So today we went (a bit late) to the local pumpkin patch to get pumpkins for the kids. We had expected to go to the stereotypical pumpkin patch with nice round uniform orange pumpkins, just like you’d get from the store.
Nope. And it was great! They had all sorts of different varieties to choose from. Now we are a bit late in the year for pumpkins so he didn’t have all that many left. But we quickly found some that worked for us.
While we were getting ready to leave, I talked to the farmer a bit and found out that he grows fifteen different varieties of pumpkins. Most of them are standby popular favorites, but he experiments with a couple new varieties each year to see if he finds some that folks like better.
Lots of heirloom varieties, and some really unique looking pumpkins that I’ve never seen before.
And then there’s the squash. Oh my, did he have squash. Aside from the pumpkins, he was selling ten or twelve different varieties of winter squash. And only a couple of them were the common varieties like acorn or butternut.
We ended up picking up a couple different varieties that we’d never heard of to try this week. Some of these heirloom varieties are from the region here, so they should be well suited to storage.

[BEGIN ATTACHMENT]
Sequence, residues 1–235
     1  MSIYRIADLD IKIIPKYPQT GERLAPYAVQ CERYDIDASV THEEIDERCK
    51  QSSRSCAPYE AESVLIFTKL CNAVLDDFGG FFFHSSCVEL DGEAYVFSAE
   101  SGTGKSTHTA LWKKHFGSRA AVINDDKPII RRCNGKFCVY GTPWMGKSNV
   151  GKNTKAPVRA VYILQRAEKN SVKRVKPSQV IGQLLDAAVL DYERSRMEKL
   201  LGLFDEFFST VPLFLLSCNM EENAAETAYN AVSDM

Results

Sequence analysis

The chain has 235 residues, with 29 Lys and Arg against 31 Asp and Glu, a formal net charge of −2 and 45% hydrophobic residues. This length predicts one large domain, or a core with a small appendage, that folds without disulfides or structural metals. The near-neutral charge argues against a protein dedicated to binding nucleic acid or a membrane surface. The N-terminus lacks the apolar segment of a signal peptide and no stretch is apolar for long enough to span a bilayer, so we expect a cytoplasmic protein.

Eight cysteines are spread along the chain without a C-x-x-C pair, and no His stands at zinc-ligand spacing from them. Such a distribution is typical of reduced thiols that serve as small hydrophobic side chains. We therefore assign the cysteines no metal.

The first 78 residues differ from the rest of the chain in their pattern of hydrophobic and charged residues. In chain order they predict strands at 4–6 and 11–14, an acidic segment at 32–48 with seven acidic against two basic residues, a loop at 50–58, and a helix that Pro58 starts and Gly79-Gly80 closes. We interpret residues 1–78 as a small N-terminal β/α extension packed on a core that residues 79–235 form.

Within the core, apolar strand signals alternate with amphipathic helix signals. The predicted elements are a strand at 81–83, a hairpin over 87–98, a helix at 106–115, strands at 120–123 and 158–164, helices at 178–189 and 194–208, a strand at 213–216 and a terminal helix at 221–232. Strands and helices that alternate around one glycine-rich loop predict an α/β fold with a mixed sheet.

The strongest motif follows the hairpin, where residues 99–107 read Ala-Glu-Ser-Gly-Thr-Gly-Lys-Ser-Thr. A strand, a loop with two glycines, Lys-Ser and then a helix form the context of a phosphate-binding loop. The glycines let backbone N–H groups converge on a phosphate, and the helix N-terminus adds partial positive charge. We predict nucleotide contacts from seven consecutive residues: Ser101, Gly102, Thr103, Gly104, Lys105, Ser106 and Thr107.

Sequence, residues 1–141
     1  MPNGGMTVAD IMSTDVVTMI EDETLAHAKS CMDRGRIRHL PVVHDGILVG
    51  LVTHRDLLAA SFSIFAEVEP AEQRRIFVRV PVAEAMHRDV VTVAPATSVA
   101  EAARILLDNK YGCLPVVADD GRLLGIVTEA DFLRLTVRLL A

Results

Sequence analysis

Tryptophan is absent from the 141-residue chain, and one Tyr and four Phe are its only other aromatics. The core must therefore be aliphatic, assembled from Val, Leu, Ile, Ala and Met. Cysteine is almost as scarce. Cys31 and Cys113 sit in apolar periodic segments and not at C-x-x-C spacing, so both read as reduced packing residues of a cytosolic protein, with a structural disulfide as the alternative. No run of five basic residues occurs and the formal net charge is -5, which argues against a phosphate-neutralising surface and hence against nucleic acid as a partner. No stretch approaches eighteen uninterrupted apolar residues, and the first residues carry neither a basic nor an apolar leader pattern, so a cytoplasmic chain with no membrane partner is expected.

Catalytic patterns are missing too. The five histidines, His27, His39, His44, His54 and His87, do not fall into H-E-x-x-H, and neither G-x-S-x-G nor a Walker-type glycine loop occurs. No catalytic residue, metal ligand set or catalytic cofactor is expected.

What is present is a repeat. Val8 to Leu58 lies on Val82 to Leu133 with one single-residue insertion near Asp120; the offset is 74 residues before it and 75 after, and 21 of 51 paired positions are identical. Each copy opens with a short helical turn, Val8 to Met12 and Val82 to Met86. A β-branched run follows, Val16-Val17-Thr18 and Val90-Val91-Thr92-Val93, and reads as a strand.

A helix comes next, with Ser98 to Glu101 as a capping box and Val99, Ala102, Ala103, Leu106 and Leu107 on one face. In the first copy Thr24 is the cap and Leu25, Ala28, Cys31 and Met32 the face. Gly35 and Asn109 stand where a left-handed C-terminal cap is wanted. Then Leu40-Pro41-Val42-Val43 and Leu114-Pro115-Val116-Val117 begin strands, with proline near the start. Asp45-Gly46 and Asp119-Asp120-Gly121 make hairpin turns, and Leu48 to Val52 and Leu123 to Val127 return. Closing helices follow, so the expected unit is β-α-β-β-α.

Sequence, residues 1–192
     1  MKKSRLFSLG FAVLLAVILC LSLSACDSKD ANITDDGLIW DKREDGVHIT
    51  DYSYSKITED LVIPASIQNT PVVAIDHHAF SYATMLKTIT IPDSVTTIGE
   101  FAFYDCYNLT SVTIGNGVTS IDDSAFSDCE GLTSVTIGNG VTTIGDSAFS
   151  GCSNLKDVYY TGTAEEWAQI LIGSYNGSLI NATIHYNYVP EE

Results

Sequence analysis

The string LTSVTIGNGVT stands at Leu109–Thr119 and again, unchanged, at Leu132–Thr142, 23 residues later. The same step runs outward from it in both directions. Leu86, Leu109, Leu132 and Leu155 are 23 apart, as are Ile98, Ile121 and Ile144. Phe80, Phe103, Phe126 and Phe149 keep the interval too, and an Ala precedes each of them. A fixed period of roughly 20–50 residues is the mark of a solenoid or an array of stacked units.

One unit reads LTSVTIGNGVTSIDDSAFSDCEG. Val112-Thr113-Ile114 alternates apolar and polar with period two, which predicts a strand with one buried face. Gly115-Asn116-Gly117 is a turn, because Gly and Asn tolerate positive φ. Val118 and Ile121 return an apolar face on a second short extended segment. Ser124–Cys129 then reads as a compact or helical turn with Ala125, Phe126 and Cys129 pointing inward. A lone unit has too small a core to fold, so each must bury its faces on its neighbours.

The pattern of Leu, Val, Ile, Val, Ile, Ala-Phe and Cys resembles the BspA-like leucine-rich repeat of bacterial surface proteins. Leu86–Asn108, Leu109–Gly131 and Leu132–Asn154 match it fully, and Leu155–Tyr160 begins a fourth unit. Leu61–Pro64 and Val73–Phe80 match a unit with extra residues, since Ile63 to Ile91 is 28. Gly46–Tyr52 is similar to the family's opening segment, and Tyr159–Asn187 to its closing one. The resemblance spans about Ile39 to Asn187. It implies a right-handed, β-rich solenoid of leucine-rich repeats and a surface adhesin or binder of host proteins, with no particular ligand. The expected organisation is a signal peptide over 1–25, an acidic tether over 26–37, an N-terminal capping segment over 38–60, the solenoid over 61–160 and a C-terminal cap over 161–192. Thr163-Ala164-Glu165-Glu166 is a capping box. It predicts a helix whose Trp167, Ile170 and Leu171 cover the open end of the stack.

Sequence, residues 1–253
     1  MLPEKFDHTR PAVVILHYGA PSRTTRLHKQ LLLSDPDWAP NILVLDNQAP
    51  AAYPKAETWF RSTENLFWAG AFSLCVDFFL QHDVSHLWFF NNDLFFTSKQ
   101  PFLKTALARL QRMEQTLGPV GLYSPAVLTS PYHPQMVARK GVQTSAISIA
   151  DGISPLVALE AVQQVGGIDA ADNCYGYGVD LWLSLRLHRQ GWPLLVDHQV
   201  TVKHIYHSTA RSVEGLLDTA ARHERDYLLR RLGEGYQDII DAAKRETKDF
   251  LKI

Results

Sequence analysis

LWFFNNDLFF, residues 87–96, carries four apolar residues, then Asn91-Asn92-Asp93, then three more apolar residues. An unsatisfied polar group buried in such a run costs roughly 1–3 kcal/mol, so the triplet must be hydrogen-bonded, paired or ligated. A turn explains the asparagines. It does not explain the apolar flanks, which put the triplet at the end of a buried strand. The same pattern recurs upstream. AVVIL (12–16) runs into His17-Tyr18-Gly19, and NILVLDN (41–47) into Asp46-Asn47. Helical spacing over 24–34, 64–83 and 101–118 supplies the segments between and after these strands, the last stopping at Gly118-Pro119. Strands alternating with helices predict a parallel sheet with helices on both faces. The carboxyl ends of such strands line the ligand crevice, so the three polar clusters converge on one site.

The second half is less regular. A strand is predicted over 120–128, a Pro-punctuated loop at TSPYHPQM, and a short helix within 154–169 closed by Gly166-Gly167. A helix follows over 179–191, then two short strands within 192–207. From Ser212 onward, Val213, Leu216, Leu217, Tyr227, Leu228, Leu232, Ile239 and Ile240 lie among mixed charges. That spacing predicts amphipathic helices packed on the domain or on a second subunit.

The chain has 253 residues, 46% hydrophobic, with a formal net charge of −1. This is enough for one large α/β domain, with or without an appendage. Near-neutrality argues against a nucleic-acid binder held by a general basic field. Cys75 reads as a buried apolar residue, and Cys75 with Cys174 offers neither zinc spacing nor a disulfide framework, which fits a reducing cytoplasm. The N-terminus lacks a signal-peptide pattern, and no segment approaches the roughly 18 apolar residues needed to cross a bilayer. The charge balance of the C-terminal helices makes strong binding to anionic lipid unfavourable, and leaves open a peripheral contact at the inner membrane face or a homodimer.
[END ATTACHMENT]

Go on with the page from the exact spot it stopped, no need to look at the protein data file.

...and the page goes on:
And the prices couldn’t be beat. For example, we got a 16 lb banana squash for $4. And a 25 lb hubbard squash for $5. Try getting those prices at the store.
And there is the inspiration for the title of this article … if we just focused on buying from the produce department at the local supermarket, we would never have been exposed to these.
As great as the farmers market is, I haven’t seen any of the more esoteric varieties available there. Pretty much your standard fare.
So get out there and talk to people. Talk to the farmers around, even the ones that aren’t at the farmers market. Find out what varieties are available that are specialized to your area, and grow them yourself if you’re so inclined. But don’t forget to support your local farmer!
You can bet that I’ll be going back and talking to the farmer about his crops and finding out where he’s getting some of these local heirloom strains.
By the way … the squash in the picture? Pretty much a dead ringer for the hubbard we picked up. Not bad for $5. If you’re so inclined, I know that you can get a good varient over at Territorial Seed Company.
In closing … a question for you! What’s your favorite winter squash, and how do you prepare it?